Thursday, February 21, 2008

A River Returns to Life: The Story of Chaliyar



Walking on the banks of the river Chaliyar is a pleasant experience these days. The river that takes its life in the Western Ghats and meanders through the interior and backward villages lying between the districts of Kozhikode and Malappuram in north Kerala, is today full, its clean water a source of life for dozens of panchayats and the city of Kozhikode. On normal days one can see scores of fishermen in small canoes on the river, looking for a good catch.

As tourism industry is booming in Kerala, the banks of the river are now turning into a tourist spot in Malabar with resorts and pleasure boating yards coming up, giving a new lease of life and income to the people in these villages.

It is a wonderful transformation, because a few years ago Chaliyar was a stinking pool of dirty and blackish water highly polluted with chemical effluents and hazardous material like mercury that took the lives of hundreds of people in the villages around it. Often, large groups of fish could be seen floating upside down, as the effluents discharged into the water was practically exterminating the fish population in the river. Chaliyar turned poisonous as a highly polluting industrial unit, the Gwalior Rayons (Grasim Industries) was set up in on its banks at Mavoor, early in the sixties. When the factory started its production in 1963, there was no awareness about the harmful effects of industrial pollution. The industrialists freely polluted the environment leaving the poor people around with no ways to stop them as there was neither legislation nor any effective mechanism to stop industrial pollution.

Thus when the factory started its work, the people in villages like Mavoor, Vazhakkad, Vazhayoor and Areekkode, on both sides of the river, were at the receiving end. Those who visited Mavoor and other places in those days inhaled a highly noxious air, and the thick dark clouds hovering above the skyline was a regular feature burning one’s eyes and congesting the lungs.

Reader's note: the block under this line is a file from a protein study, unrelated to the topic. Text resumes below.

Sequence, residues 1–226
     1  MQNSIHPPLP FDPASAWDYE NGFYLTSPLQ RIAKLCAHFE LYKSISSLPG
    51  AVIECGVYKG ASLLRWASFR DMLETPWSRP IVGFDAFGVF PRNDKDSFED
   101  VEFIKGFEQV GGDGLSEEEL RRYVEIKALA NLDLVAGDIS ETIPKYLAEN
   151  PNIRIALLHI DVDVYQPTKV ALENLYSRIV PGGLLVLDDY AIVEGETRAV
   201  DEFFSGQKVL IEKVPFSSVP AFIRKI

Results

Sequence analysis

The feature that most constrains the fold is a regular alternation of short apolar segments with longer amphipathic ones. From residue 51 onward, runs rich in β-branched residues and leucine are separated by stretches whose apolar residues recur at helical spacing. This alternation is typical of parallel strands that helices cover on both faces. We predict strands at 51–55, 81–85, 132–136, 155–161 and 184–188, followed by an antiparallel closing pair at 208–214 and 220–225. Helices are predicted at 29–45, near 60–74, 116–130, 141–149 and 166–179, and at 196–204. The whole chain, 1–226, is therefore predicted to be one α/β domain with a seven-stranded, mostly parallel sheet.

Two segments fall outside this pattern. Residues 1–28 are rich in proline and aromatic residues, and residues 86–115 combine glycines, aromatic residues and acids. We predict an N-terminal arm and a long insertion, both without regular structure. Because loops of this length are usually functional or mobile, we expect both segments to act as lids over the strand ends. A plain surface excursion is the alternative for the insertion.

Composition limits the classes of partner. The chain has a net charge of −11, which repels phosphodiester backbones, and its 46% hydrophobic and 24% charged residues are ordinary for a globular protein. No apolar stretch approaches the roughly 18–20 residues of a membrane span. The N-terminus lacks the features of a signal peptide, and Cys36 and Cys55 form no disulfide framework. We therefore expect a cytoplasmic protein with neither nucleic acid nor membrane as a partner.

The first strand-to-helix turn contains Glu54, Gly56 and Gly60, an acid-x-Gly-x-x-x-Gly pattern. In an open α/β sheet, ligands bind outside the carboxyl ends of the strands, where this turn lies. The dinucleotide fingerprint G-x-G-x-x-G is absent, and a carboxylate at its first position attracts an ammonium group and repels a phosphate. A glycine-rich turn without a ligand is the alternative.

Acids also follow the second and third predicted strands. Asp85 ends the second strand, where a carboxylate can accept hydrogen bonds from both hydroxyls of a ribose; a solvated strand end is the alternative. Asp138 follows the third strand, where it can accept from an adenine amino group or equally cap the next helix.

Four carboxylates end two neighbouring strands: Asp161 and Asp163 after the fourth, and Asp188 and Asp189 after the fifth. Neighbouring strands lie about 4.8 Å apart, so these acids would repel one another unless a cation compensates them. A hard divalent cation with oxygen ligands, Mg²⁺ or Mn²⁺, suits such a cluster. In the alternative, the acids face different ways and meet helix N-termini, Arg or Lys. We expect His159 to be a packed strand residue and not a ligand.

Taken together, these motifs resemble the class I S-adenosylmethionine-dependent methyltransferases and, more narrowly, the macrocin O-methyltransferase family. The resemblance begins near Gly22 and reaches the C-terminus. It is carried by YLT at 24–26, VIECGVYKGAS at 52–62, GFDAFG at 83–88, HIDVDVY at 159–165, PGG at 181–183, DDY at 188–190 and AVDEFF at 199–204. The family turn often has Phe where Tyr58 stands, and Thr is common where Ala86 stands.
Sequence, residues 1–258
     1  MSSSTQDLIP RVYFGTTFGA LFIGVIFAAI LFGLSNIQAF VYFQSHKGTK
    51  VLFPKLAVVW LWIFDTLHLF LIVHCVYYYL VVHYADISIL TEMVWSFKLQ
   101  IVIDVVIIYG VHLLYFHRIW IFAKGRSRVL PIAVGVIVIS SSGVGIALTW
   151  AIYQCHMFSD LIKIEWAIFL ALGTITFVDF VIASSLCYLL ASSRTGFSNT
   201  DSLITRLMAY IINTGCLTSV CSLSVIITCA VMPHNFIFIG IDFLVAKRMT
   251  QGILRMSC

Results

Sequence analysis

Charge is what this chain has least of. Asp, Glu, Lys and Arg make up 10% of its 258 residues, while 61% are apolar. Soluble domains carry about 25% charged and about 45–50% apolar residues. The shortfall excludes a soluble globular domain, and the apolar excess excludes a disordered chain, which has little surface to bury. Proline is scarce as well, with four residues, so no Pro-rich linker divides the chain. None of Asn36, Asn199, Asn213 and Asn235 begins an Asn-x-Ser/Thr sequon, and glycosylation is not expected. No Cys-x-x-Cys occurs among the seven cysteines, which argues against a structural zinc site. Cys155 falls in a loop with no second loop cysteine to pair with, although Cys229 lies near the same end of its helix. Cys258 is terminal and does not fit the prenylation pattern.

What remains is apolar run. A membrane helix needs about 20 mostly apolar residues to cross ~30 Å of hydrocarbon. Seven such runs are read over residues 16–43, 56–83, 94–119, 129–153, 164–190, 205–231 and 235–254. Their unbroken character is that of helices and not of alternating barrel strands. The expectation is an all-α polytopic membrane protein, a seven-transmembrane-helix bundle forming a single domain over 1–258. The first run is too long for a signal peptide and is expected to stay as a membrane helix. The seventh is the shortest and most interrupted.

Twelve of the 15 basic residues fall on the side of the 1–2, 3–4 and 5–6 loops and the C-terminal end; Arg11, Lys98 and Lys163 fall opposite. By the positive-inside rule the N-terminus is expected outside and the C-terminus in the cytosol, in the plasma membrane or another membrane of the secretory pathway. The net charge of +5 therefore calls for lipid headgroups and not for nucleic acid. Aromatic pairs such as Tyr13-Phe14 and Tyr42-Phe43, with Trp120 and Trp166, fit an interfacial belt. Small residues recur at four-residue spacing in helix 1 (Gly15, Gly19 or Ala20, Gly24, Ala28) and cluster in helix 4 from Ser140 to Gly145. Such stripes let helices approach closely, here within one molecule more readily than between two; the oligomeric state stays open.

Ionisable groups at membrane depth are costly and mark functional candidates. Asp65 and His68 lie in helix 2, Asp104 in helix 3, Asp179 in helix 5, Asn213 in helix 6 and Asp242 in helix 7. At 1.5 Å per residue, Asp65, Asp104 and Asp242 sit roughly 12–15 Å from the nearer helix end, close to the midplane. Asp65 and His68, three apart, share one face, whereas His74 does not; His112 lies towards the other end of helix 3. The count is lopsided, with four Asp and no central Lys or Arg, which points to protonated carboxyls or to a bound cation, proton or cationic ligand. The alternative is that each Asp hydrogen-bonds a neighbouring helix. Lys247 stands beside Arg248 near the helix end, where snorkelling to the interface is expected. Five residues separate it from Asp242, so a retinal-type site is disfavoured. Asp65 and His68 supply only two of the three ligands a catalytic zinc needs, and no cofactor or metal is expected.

Within one year of the operation of the factory, the villagers started protesting though it was yet to take an organized form. In the early sixties an action committee was formed with people like K Chathunni Master, a senior Communist leader, E K K Muhammed, a Muslim League leader, and others in it representing to the Government to take measures to control the air and water pollution in Mavoor. But instead of taking measures to control the factory’s pollution, the Government allowed the management to start a new division in 1972 that intensified pollution and the public agitation. It was in this phase that local people like K A Rahman, who later succumbed to cancer after almost three decades of relentless struggle against pollution, took over the leadership. As the agitation took a more aggressive turn, the Government started negotiations which led to a temporary settlement in 1974. As part of this agreement, it was decided to measure water and air pollution levels regularly for taking stricter action to control discharge of effluents into the river and air. As a result of this agreement, known as Ramanilayam Pact, the Kerala State Pollution Control Board was set up in 1974, one of the first such bodies to come up in the country.